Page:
The Guilfordian

NAFTA renegotiations continue in a standstill against Canada and the US

Rising political tensions, miscommunications and legal quandaries have brought negotiations of the North American Free Trade Agreement to a standstill.  Since August 16, 2017, the U.S., Mexico, and Canada have been attempting to renegotiate the North American Free Trade Agreement, or NAFTA, to modify it to current economic conditions. However, in the past few days, Canada has failed to come to an agreement with the U.S over the renegotiations, forcing the White House to give Canada more time to discuss the future of NAFTA.

Signed by President Bill Clinton in 1993, NAFTA was created to make North American markets more competitive while also facilitating trade between the three countries to improve economic conditions. Since then, the agreement has continued to shape the politics and economics of Mexico, The U.S and Canada. For the past few years, however, the U.S. government has been considering renegotiating the trilateral deal by calling in representatives from all three countries and “modernizing” the 25-year-old deal in order to consider economic changes such as internet commerce, environmental and labor protections.

Although Mexico has already reached an agreement with the U.S. to modify NAFTA by requiring car companies to manufacture at least 12.5 percent more of an automobile’s value in North America, as well as being required to use more local resources and pay workers at least $16 an hour to make the automobiles, Canada has yet to accept any of the U.S or Mexico’s agreements. President Donald Trump’s threats to jettison Canada from the deal, as well as the U.S. refusal to change tariff policies towards Canada have led to rising tensions between the two countries.

Canada’s willingness to come to an agreement with the U.S. is crucial to the future of NAFTA. The renegotiations cannot go into effect without Canada’s approval, and Mexico’s elected president, Andrés Manuel López Obrador, who officially starts his term in office on Dec. 1, 2018, must ratify the changes to NAFTA. Trump must notify Congress 90 days before signing the NAFTA renegotiations, which will have to be renegotiated before Sep. 2 in order to have Mexico’s current president approve the deal. Similarly, the NAFTA renegotiations are now in close proximity to November’s mid-term elections.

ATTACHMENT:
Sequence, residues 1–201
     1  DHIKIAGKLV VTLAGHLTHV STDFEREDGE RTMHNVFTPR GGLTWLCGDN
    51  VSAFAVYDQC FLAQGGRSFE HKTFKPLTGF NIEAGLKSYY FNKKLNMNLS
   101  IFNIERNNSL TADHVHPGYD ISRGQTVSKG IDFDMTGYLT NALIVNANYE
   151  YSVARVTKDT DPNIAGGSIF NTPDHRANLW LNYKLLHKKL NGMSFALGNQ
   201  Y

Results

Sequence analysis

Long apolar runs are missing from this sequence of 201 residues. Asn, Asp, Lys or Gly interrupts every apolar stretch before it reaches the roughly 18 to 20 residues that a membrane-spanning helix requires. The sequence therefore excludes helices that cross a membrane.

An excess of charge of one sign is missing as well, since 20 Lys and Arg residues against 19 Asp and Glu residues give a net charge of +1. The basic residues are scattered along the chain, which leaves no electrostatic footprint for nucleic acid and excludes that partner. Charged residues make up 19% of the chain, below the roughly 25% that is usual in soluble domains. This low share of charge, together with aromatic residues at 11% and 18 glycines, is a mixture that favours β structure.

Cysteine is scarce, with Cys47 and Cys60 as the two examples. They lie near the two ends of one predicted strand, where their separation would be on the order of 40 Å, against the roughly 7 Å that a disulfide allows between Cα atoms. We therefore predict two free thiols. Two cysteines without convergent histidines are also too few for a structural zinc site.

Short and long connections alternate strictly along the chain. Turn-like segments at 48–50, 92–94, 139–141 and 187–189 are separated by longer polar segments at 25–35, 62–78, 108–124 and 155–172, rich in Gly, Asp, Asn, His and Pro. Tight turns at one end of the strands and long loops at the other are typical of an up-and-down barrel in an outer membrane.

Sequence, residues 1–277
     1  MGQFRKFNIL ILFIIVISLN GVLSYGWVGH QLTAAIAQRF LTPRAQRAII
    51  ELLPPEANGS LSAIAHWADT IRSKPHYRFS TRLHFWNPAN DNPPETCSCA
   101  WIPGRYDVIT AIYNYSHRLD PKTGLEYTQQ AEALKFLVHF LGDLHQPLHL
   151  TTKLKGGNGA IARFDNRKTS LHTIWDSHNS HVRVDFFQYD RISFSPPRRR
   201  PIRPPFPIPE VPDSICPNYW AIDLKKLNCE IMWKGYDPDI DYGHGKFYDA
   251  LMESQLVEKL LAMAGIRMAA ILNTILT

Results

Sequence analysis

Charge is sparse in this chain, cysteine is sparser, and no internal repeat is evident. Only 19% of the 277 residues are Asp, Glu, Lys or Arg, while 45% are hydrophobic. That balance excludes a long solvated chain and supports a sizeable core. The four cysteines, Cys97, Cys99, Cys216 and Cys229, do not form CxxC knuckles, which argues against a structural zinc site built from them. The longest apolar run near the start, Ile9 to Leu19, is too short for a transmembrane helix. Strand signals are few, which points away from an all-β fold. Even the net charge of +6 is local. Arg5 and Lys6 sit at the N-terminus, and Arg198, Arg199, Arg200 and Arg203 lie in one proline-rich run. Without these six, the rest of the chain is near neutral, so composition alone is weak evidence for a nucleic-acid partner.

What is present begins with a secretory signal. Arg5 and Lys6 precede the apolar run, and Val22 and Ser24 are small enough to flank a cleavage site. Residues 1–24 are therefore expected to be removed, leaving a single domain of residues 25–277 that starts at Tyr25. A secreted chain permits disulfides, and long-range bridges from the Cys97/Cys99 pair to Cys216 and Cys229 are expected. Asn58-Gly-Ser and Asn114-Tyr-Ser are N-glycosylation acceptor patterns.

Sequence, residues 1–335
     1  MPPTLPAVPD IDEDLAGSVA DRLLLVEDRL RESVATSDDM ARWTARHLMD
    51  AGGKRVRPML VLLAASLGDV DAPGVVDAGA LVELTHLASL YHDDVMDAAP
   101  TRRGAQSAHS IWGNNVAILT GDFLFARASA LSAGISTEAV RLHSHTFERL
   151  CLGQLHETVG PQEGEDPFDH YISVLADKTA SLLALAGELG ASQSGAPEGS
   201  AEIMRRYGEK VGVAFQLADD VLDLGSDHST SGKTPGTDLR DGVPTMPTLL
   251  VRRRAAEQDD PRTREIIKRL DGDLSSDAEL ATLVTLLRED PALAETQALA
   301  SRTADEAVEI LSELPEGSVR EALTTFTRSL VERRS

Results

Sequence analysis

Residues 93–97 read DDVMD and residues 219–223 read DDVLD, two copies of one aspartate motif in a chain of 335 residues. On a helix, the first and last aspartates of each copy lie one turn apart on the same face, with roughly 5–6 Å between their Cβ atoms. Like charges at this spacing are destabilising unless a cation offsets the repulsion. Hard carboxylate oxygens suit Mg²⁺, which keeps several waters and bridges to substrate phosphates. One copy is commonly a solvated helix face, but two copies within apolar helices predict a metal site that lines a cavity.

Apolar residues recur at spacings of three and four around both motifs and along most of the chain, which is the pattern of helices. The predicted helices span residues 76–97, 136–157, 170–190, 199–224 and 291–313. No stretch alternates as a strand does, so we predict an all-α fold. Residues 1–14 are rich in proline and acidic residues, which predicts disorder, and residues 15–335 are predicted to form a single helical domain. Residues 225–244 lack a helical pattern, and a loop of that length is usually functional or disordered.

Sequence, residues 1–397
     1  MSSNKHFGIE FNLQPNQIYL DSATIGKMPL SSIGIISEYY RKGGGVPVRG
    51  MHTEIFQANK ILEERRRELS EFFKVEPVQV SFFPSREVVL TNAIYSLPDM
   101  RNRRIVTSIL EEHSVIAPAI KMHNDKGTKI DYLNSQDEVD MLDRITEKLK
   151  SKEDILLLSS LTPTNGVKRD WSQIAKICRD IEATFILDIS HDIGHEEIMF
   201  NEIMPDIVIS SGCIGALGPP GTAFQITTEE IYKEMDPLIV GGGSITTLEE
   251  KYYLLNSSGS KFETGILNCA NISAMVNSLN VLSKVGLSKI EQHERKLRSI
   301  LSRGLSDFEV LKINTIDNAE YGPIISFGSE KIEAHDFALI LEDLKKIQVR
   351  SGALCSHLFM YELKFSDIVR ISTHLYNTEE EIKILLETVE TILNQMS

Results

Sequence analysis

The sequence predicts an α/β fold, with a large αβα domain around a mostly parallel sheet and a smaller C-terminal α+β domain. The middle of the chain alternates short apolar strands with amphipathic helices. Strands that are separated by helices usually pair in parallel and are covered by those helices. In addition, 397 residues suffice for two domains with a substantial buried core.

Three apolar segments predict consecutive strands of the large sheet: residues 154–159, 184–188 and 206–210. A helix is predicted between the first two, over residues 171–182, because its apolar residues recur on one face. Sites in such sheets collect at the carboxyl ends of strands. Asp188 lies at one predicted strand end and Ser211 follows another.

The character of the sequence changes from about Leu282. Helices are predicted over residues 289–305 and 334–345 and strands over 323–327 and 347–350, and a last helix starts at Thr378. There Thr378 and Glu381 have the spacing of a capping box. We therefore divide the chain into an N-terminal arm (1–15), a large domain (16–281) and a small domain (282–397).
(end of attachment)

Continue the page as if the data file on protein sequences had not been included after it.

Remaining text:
“There is an impact, but in relativity it is very small compared with American major trade partners in other parts of the world. But how much impact, nobody knows,” said Professor of Political Science George Guo, “Mexico does not have a huge resistance against this kind of agreement.”

Mexico’s little resistance against the renegotiations means that a new Mexican president may not impact the future of NAFTA greatly. As for the midterm elections, there is a strong incentive for Trump to have NAFTA renegotiated before the midterm elections. This is because his decisions may have less resistance if the majority of Congress is Republican, which may change during the elections.

“If you think creating uncertainty is a good thing for economic decision makers, the U.S. president is doing a great job,” said Professor of Economics Robert G. Williams. “Usually, however, uncertainty makes executives freeze up from making investment decisions. I would hate to be an auto company executive or worker right now.”

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